Frances Hayward — a Comrades Marathon barrier breaker more than 50 years before women allowed to enter

Frances Hayward — a Comrades Marathon barrier breaker more than 50 years before women allowed to enter
Frances Hayward. Photo: Supplied by the Comrades Marathon Association).

More than half a century before women were officially allowed to participate in the Comrades Marathon, Frances Hayward, a pioneering Englishwoman, defied the odds and the norms of the day, to complete the 1923 race.

It may be only 48 years since women were allowed to officially run the Comrades Marathon but female trailblazers have been part and parcel of the world’s greatest footrace since its origins.

Today, 24 May 2023, marks a centenary of women’s participation in The Ultimate Human Race. Frances Hayward (no relation to five-time Comrades winner Wally Hayward) was the first woman to have unofficially completed the Comrades Marathon in 1923, during a time when the race was only open to white men.

Frances Elizabeth Hayward was born on the 14 August 1891 in Wiltshire, England. Her father was part of a fairly affluent woollen mill-owning family and she grew up in a large English home and received a good education.

From a young age, Frances showed a desire for independence, strong character and fortitude. At the age of 20, she worked as a church embroideress at the County Home in Stafford.

While being an embroideress during the early 1900s was a respectable job for a woman, working at the country home would have been considered scandalous for her station as it was a home designed to reform women who had served time in prison and had no family support or work experience.

Frances Hayward, Comrades Marathon

This year marks the 100th anniversary of Frances Hayward (above), becoming the first female to run and complete, the Comrades Marathon. (Photo: Supplied by the Comrades Marathon Association).

Bold move

In a very bold move, on 3 January, 1914, she departed from Southampton for Cape Town on the SS Galician — a vessel of the Union Castle Mail Steamship Company.

During this period it was highly unusual for a woman to travel alone, yet she was undeterred and the excitement of the colonies drew her to South Africa.

She found herself restless in Cape Town and wanted to travel and see more of South Africa. In September 1921 and now qualified as a clerk, she boarded a steamer headed for Natal and travelled alone to Durban. 

She got a position as a typist and, living free of the usual restrictions her class would have held her to in England, enjoyed living a single, independent life.

At the age of 30, the intrigue of the Comrades Marathon had caught her attention and she sent a letter to Vic Clapham and applied to run in the 1923 race.

Her entry left Clapham and the Athletics Association in a state of confusion as they had never had a woman applying to enter any male athletics events before. After considerable debate they refused to accept her entry. She sent an immediate response to the association and Vic that she was undaunted by their decision and would therefore run unofficially.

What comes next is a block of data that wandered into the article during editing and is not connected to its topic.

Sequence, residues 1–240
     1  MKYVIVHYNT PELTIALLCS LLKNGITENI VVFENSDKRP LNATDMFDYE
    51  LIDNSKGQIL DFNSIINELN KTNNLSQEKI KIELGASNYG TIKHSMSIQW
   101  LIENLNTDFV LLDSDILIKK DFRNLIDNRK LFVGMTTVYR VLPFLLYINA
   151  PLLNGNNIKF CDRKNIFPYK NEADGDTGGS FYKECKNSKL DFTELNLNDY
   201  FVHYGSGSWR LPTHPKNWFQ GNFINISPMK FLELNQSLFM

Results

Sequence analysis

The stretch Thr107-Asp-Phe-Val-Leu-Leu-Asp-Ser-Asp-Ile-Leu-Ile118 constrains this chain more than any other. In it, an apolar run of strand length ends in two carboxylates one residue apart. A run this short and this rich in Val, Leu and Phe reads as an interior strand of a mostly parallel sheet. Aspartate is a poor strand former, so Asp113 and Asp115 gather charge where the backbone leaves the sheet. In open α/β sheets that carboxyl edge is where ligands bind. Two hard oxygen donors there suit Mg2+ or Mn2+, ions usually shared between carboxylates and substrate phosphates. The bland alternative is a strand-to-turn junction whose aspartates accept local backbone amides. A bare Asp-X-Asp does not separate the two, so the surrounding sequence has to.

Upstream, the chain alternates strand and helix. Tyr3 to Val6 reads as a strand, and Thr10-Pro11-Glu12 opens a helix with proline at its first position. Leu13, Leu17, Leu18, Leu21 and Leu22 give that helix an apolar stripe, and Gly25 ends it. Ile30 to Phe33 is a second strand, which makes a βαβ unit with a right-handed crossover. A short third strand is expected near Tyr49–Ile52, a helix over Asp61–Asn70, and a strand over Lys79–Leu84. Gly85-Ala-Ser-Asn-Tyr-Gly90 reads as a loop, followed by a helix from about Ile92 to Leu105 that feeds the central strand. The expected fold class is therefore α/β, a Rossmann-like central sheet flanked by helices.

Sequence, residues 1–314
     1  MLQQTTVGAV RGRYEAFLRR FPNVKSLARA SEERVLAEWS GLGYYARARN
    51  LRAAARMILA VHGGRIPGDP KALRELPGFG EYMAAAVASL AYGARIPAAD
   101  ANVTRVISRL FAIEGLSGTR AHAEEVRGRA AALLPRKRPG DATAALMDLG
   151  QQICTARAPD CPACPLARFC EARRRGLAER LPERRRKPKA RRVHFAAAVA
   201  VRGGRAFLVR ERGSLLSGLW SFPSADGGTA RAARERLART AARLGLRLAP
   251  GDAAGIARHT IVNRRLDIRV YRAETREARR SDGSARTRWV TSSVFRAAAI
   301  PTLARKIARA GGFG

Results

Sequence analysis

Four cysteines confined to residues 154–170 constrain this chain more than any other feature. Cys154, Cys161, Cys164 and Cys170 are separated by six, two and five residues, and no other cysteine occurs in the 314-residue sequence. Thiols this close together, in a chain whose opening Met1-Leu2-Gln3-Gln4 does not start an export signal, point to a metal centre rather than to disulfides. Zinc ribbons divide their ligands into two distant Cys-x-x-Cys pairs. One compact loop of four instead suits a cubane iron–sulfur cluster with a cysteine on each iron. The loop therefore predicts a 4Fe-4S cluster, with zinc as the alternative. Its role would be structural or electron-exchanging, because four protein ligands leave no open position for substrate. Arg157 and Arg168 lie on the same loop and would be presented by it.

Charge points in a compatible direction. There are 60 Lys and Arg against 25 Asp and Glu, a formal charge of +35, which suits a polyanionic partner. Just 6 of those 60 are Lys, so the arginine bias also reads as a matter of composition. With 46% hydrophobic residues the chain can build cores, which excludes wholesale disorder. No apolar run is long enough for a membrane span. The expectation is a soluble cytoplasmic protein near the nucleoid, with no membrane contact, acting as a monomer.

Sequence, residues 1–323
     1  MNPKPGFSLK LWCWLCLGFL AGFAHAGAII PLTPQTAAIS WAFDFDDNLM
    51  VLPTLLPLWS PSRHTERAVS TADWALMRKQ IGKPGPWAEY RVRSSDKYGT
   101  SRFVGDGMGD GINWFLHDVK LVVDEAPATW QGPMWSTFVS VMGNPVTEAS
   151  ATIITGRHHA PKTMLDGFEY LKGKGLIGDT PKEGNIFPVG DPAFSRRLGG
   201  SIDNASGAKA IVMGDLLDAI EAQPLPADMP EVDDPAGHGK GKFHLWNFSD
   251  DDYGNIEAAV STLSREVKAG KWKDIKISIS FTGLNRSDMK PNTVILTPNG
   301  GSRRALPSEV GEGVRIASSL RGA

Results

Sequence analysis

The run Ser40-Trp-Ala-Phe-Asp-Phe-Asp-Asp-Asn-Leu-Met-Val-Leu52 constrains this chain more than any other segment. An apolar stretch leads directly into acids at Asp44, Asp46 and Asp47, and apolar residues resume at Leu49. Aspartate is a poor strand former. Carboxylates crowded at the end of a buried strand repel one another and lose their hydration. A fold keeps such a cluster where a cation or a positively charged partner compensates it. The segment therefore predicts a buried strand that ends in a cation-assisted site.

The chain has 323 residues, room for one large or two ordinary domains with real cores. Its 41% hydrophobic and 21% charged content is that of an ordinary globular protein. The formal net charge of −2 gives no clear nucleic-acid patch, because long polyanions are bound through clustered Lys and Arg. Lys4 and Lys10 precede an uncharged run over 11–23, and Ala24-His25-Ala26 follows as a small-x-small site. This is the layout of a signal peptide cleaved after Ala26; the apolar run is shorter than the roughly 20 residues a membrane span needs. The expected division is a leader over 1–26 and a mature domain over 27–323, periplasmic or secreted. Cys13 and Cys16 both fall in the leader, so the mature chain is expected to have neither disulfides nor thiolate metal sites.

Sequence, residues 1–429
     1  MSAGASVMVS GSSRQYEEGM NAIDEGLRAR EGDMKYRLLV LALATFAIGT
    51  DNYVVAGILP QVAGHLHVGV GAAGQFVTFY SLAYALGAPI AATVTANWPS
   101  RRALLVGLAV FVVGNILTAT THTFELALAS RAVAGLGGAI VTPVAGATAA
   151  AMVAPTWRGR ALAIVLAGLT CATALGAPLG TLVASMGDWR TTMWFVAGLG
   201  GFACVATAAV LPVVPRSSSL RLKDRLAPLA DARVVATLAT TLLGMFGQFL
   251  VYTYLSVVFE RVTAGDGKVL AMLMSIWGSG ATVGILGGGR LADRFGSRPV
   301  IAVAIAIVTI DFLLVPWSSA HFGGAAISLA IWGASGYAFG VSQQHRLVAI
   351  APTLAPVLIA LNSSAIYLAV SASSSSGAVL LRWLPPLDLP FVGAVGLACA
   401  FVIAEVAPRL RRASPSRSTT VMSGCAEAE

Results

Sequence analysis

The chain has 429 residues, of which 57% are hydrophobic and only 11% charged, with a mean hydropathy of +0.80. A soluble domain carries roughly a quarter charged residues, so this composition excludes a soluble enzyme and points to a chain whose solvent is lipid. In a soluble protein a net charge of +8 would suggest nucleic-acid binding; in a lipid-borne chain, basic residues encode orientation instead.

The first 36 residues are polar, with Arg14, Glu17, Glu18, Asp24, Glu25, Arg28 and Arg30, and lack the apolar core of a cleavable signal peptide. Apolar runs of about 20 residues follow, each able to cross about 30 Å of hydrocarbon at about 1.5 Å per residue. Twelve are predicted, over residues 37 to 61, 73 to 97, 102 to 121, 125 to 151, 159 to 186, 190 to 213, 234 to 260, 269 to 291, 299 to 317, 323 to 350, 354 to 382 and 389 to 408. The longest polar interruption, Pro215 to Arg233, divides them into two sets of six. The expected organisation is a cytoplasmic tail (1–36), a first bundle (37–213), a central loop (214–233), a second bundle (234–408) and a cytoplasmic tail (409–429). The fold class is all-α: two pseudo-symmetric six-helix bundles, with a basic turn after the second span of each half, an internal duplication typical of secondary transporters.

On only the third running of the race in 1923, she lined up outside the Pietermaritzburg City Hall with the 68 men who were competing that year.


Dressed in a dark green gym suit and leather-soled plimsolls, she started her journey along the road to Durban. Despite the general consensus that the distance would be too great for a woman, she was well supported by her fellow competitors and spectators alike.

Frances crossed the line in 11:35:00, in what would have been 28th position in a field of 30 finishers that year. 

The Natal Witness reported “Miss Hayward made a steady pace, dropping to a walk on the hills, and, at Thornybush, was last but one, a good mile behind the others. She looked cheerful and fit, having previously announced her intention of making Drummond by 11am.

“Miss Frances Hayward, got to Drummond in 11:14, not far astern of her intended schedule.” The article ended with “another signal of women’s emancipation from the thraldom of good-natured disdain in which mere man has held her.”

Gerda Steyn, Comrades Marathon

From Frances Hayward to Gerda Steyn (pictured winning in 2019) women have carved a wonderful history in the Comrades Marathon. (Photo: Anesh Debiky/Gallo Images)

She had achieved what she set out to do — to be the first woman to attempt the race; and “to shock everybody.”

She stated: “I should have been content if I had beaten just one man!” She beat two who finished and 38 who dropped out.

Her run was not officially recognised due to the rejection of her entry, and she received no silver medal (as all finishers were awarded silver during the 1920s), but the citizens of Durban were so impressed by her performance that they pooled together and presented her with a silver tea set and silver rose bowl as congratulations. DM


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